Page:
Friday 29 October 2010

Unexplained Traffic Jam: Immaculate Congestion

On a Sunday sometime ago while reading the newspaper, I stumbled upon the "New Words of the Week". This section offers readers a small compendium of neologisms with a brief description of meaning. The first entry on Sunday was "immaculate congestion", obviously a pun on the phrase "immaculate conception"; "congestion" referring to traffic jams and "immaculate" meaning for no apparent reason. In summary, the author of the item referred to a phenomenon that I myself have seen: I'm in my car; I'm driving normally then for apparent reason, traffic becomes congested. I must slow down as we may now be bumper to bumper but then just as suddenly, traffic speeds up and I'm back to driving normally. However, I have not seen an accident; I have seen nothing which would explain the congestion.

I directed my attention to the Google search engine looking for the right keywords to find information about traffic jams that occur for no apparent reason. Curiously enough, there are quite a few people who have already talked about that phenomenon. Ha! As the saying goes: "There is nothing new under the sun". In fact, a group of Japanese researchers have created an experiment where they managed to duplicate the phenomenon. I refer to the original study paper published in the New Journal of Physics, Volume 10, number 3, dated March 2008.

•    The test involved a circular track with a circumference of 230 m and 22 vehicles.
•    The test was filmed: a panoramic view and a 360 degree overhead shot.
•    Cars were tuned to cruise at 30 km/h.
•    Drivers were instructed to follow the vehicle ahead in safety while trying to maintain their cruising speed.

At first things proceeded normally but after some time fluctuations in the cars began to appear: slight changes in speed, changes in distance between vehicles. These became more pronounced until a point was reached where cars were so bunched up; some vehicles were obliged to come to a full stop. The scientists observed that this "stop-and-go wave" propagated in the opposite direction to the movement of the vehicles. The video of this experiment shows how well the action of a driver can have a cascading effect in traffic and how the effect can last for some time.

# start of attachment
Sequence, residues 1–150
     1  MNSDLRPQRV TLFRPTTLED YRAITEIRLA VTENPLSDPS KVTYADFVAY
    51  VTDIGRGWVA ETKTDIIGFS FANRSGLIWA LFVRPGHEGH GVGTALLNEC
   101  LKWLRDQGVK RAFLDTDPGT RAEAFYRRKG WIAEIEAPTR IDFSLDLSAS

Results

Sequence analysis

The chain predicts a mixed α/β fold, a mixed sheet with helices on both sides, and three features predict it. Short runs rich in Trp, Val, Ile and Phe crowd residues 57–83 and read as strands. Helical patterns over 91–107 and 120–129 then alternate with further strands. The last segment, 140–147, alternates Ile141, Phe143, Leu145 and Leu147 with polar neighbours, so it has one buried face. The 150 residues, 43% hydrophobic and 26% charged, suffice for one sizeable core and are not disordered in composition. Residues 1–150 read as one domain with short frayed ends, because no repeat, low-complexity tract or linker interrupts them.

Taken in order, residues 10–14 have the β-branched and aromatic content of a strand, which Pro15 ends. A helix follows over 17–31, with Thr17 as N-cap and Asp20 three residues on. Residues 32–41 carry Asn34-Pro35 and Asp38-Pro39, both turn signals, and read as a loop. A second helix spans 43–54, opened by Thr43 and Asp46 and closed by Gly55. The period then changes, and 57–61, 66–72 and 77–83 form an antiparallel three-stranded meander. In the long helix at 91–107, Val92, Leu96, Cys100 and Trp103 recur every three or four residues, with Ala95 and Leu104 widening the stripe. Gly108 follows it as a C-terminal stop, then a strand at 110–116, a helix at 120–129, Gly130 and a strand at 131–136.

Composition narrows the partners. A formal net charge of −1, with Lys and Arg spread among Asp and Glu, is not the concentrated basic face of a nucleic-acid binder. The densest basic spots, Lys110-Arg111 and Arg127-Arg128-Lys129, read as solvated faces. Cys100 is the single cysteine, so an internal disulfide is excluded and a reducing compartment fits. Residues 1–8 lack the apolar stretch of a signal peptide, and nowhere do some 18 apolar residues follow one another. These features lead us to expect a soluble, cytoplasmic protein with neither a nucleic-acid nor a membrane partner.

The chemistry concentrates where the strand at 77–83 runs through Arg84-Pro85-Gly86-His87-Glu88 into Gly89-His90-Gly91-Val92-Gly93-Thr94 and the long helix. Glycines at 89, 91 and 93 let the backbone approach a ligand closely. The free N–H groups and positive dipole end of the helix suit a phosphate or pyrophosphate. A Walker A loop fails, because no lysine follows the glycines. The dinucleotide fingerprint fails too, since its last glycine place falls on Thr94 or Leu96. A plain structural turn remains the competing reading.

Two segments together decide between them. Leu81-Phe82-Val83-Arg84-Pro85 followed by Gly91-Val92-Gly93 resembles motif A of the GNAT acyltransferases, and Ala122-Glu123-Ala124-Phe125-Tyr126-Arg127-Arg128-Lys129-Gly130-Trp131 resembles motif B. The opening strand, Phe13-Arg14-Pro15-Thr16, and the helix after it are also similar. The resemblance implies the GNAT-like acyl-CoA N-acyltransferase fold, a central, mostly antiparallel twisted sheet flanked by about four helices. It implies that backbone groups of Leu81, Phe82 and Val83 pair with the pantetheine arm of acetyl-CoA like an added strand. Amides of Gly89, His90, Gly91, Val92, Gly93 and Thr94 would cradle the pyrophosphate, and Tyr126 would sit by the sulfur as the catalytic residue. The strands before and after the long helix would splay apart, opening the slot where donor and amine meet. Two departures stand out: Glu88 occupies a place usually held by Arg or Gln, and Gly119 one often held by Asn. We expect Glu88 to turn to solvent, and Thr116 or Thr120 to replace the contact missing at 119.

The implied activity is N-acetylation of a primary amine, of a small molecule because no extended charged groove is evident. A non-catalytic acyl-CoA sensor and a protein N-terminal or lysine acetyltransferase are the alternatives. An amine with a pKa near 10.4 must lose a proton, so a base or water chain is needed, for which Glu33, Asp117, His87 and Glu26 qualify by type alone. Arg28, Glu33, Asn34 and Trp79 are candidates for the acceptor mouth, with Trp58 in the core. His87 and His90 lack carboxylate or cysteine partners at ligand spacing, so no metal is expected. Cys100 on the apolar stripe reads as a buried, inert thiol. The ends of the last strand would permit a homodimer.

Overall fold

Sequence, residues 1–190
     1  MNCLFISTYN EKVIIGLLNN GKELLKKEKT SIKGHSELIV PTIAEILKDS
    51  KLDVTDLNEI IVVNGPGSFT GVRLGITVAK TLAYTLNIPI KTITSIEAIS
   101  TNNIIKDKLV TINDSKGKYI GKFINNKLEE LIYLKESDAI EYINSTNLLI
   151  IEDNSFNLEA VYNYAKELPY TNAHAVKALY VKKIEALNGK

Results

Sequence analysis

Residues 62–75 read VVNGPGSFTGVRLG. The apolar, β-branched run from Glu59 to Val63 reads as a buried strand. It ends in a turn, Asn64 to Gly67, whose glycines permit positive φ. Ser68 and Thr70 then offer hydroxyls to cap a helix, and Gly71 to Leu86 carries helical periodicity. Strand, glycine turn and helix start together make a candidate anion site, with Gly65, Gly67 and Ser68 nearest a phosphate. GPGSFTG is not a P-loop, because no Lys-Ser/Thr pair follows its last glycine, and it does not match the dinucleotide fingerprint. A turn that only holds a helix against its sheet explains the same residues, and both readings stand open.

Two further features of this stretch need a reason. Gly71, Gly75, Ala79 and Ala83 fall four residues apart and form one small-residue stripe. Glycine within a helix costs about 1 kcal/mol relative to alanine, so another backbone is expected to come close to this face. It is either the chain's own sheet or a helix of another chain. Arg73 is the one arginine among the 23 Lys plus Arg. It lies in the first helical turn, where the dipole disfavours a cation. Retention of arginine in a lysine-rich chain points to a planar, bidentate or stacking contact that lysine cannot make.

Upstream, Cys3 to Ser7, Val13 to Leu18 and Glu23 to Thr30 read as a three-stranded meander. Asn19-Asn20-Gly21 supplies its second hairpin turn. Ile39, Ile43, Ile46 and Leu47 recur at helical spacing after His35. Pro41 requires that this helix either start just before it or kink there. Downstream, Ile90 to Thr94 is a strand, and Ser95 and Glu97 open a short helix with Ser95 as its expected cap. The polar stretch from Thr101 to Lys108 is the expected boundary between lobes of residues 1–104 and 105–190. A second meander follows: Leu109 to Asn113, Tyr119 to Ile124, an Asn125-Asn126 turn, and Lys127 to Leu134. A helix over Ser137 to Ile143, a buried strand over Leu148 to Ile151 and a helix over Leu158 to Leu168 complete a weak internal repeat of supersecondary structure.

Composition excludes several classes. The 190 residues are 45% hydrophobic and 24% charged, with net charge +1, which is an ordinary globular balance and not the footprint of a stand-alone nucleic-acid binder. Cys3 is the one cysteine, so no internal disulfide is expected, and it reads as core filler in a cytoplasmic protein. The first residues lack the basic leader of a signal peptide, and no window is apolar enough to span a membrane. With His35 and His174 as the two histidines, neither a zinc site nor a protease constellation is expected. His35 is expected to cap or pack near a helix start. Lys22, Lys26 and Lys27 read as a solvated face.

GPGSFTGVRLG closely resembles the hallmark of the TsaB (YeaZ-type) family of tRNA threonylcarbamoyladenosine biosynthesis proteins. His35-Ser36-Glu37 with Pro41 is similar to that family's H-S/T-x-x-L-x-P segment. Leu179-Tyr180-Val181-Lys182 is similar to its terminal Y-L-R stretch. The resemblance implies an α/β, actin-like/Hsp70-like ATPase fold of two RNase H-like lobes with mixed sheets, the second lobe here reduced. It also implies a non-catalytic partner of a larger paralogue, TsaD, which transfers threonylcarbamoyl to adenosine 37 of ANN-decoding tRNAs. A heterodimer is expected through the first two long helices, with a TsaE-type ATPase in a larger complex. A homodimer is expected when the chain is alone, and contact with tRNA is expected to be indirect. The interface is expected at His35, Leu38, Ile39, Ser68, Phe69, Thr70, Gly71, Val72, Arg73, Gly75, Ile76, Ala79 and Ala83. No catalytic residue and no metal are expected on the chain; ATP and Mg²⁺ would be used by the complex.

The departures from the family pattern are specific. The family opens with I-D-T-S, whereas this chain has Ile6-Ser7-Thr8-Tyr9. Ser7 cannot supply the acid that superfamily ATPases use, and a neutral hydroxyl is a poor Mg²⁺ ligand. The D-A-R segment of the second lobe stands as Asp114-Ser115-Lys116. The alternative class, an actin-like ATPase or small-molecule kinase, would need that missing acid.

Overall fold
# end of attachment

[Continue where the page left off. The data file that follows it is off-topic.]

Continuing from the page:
The test empirically showed that a traffic jam is not always caused by a bottleneck: no accident, no obstacle or no lane closures due to construction. The average vehicle density exceeds some critical value and as a consequence the "free flow" state is unstable. A minor fluctuation can be caused by somebody hitting their brakes and that fluctuation propagates and a jam can ensue. Obviously a bottleneck such as a lane closure can increase vehicle density and thus increase the likelihood of a fluctuation causing a problem.

By reading this study, I wondered what I could do myself to avoid a traffic jam, that is, avoid being part of one or avoid causing one. Not surprisingly, at least for me, it is advisable to simply leave enough space between my car and the one in front of me, not to follow too closely. When there is not enough space between cars, braking a car produces a chain reaction where each driver has to brake behind the first even harder to avoid a collision. That is the cause of the compression movement. With enough space between vehicles, there is less braking, less compression and the action of a driver has less consequence for all drivers who are behind him.

Of course, the hard part of leaving enough space in front of me between me and the next car is people cutting in. When the traffic gets thicker, people get more impatient and some just weave in and out of the various lanes trying to get ahead. I back away from the guy in front of me to leave some space and sure enough, somebody from the lane beside me cuts in. It is sometimes virtually impossible to leave a safe distance.

There is nothing new under the sun. By chance I came across this column in the Sunday newspaper and I discover all this information on a phenomenon that I have been observing - participating in? - for a long time. Curious.


New Journal of Physics - March 2008
Traffic jams without bottlenecks—experimental evidence for the physical mechanism of the formation of a jam

The original Japanese study

The 2 films of the experiment: panorama and overhead 360
These videos are not streamed so when you click, you have to wait for the complete video to download to your computer before you see it. Both are about 3 MB. Be patient.

YouTube: Shockwave traffic jam experiment
This is a streamed version of the panoramic view of the test. I couldn't find a streamed version of the 360 overhead view.


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